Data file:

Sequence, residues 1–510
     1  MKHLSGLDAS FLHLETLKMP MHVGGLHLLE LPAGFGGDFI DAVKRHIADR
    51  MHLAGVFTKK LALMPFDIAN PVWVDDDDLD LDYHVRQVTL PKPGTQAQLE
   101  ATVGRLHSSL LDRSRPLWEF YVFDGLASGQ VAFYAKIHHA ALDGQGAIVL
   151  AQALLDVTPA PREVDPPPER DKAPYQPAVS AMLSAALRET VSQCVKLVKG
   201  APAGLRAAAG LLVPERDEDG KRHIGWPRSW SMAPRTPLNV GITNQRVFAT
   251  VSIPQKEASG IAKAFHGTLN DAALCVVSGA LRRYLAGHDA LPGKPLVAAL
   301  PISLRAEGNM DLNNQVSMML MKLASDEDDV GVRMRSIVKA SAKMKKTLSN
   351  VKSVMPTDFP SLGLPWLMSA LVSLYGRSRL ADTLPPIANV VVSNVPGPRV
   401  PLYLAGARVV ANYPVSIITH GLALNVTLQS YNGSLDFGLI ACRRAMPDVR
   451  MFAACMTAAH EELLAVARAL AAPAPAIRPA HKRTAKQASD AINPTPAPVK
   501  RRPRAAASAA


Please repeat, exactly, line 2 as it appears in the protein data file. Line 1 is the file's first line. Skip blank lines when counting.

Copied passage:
     1  MKHLSGLDAS FLHLETLKMP MHVGGLHLLE LPAGFGGDFI DAVKRHIADR